toasting oats and almonds


simmering berries


Assembling the crust and filling


Baked, cut and glazed–ready to eat


Active: 30 min; Total: 2 hrs, plus cooling

Makes 32 bars


6 cups mixed berries, such as sliced strawberries, blueberries, raspberries, and blackberries (about 1 1/2 pounds)

1/2 cup sugar

1/2 cup water

1 teaspoon finely grated lemon zest


1 cup old fashioned rolled oats

1/2 cup sliced almonds

2 cups all-purpose flour

1/2 cup sugar

1 teaspoon baking soda

1 teaspoon salt

14 tablespoons (7 ounces) unsalted butter, cubed and chilled


1/2 cup confectioners’ sugar

2 tablespoons unsalted butter, melted

1 tablespoon heavy cream or milk

  1. Make the filling: In a large saucepan, combine the berries, sugar and water and bring to a boil.  Reduce the heat and simmer over moderate heat, stirring frequently, until very thick and jammy and reduced to 2 1/2 cups, 15 to 20 minutes. Let cool completely.
  2. Preheat the oven to 350° and butter a 9-inch square or 12-inch round baking pan. Make the crust: in a large skillet, toast the oats and almonds over moderately high heat, stirring constantly, until fragrant and lightly browned, about 5 minutes. Transfer to a plate and let cool completely.
  3. Meanwhile, in a large bowl, combine the flour, sugar,  baking soda and salt. Add the butter and using your hands, work the mixture until it resembles very coarse meal. Add the oats and almonds and work until evenly combined. You should have 6 cups of crumbs. Press 2/3 of the mixture into the pan and press to compact. Spoon the berry mixture on top and spread to an even layer. Using your fingers, press the remaining crumbs into clumps and scatter them evenly on top. Bake in the center of the oven until the top is golden 40 to 45 minutes. Let cool completely. Run the tip of a blade all around the edges to loosen the bar. Place a cutting board on top and holding both, invert. Carefully remove the pan. Set another cutting board on top and holding both, invert again. Cut into 32 bars.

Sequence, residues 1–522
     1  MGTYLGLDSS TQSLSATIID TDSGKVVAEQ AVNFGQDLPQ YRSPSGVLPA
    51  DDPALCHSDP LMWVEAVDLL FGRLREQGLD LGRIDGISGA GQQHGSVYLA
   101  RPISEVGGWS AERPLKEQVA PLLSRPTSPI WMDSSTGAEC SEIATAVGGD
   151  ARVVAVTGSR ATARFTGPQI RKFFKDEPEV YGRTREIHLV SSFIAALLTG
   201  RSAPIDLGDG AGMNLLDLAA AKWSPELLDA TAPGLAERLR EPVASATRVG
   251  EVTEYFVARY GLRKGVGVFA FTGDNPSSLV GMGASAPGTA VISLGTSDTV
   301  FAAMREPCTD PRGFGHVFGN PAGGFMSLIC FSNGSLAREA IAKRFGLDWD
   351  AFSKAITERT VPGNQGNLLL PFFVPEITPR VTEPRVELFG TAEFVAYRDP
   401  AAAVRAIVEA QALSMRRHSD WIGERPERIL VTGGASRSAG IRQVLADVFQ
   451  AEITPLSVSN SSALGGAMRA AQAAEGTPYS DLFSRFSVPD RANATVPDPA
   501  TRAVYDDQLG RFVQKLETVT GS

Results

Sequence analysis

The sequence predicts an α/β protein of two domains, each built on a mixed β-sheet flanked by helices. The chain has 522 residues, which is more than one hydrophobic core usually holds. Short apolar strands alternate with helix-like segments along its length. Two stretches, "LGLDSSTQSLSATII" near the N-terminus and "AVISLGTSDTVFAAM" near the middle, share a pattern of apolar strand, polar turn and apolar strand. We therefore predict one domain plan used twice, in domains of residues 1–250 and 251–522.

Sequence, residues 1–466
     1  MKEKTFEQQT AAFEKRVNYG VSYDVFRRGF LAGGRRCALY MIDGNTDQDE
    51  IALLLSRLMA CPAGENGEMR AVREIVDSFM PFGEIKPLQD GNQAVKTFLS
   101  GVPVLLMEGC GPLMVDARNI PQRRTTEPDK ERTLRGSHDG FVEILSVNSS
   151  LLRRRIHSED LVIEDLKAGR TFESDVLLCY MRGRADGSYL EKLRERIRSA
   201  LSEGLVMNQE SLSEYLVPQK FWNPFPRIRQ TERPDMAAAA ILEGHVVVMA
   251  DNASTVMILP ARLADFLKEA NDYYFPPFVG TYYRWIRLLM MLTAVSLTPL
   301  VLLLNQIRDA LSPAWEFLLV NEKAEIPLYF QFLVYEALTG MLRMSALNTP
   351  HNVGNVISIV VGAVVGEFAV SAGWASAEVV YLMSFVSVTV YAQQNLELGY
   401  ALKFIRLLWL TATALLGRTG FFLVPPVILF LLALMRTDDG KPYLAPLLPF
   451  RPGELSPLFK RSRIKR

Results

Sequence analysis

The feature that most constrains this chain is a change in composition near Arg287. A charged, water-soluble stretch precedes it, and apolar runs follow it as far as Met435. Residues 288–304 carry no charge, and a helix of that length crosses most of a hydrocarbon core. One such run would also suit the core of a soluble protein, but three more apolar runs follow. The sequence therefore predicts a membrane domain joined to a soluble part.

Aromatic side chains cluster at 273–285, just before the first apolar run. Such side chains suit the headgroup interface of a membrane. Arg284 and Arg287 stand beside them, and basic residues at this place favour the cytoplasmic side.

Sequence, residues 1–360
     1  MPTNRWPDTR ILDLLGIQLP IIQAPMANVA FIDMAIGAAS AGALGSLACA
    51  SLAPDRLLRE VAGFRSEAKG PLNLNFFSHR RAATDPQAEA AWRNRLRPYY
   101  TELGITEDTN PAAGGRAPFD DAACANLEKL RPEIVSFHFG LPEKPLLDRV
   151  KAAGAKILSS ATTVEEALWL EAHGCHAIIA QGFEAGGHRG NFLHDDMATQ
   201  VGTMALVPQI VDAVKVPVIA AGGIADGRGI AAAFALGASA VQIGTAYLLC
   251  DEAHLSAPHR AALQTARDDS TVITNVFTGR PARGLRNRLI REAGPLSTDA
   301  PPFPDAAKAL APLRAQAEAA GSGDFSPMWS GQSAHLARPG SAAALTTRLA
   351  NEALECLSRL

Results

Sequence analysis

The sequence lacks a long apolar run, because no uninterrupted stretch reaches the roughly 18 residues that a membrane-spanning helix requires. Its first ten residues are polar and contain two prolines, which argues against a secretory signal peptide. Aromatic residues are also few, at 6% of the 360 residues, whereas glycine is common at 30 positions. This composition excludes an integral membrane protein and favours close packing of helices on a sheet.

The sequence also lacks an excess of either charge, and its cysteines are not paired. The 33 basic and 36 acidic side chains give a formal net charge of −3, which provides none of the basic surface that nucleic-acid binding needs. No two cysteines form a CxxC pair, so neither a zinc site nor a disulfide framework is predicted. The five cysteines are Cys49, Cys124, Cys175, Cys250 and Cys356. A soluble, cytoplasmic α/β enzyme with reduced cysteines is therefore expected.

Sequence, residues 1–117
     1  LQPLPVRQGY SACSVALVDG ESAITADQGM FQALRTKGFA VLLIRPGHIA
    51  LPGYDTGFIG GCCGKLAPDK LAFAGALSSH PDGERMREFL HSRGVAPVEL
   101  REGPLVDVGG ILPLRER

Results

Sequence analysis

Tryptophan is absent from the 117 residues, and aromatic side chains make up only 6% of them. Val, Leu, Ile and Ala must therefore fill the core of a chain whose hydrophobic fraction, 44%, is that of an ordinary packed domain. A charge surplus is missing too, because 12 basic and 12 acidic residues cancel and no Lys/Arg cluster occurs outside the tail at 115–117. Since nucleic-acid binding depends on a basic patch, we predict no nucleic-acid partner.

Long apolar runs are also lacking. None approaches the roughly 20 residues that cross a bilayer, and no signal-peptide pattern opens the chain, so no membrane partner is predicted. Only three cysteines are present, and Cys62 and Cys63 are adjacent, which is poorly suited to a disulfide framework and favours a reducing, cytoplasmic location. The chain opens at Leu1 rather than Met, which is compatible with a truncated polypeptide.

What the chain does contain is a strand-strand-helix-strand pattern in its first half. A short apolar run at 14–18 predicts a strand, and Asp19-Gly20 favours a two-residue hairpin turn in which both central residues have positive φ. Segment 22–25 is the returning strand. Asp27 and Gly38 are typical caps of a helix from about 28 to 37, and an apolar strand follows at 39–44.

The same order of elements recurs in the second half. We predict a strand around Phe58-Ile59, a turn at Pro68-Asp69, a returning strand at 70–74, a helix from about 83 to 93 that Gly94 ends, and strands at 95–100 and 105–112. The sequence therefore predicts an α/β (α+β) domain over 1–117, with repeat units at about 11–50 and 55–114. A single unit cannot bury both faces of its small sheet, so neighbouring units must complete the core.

4. Make the glaze: in a bowl, whisk the confectioners’ sugar with the melted butter and cream until smooth. Drizzle the mixture over the bars and refrigerate until set, about 15 minutes. Serve. Make ahead: the bars can be stored in an airtight container in the refrigerator for up to 1 week.

A Birthday Card to My Mother

Fran on her 80th Birthday

Fran on her 80th Birthday September 22, 2011


I’m sitting in my office listening to the gentle cooing of the pigeons nesting in the eaves outside my window—my blood pressure rising because I know that those disgusting birds are making an ungodly mess of my front yard below that I’ll have to scrub away tomorrow. Try as I might to calm down, I just work myself up into a bigger lather. I tap the window to scare them away, worried that I may actually break the glass, I’m that agitated. Then I see an index card for Mango Chutney (of all things) in my mother’s handwriting on my desk and immediately understand the source of my agitation.


Today is my mother’s birthday—she would have been 82. I last saw her a few days after her 80th birthday in September of 2011. The cause of death was congestive cardiomyopathy that originated from a virus that weakened her heart many years ago. The 2nd anniversary of her death is coming up and it’s almost as hard today as it was two years ago. Lots of stuff happening and she’s not here to field the mountain of questions I have…or give advice…or help her granddaughter with AP American History (her wheelhouse)…or tell me not to worry about this nonsense or that…and that everything will be fine.  Whether it would’ve been fine or not entirely misses the point of that painfully beautiful exchange. No doubt it would’ve been fine, simply by virtue of my mother saying so. But… She’s not here and I am and it sucks.  And I miss her, everyday but today especially.


Her name is Fran and she was a goddam firecracker. At 80 years old, her social life was way more robust than mine. She taught college classes on the United States Constitution and Immigration, and traveled all over the world with her best friend, Gracie (I joked that she was the Gracie my mom always wanted). They were planning a trip to Beijing before she died. She entertained regularly, had season tickets to the Metropolitan Opera, The Symphony and the theater. She gardened with the vigor of someone much younger. She took Zumba Dance and other fitness classes with women half her age and was twice as good as them.  Best of all, she cooked like a fiend—especially for holidays and visits from her kids and grand kids.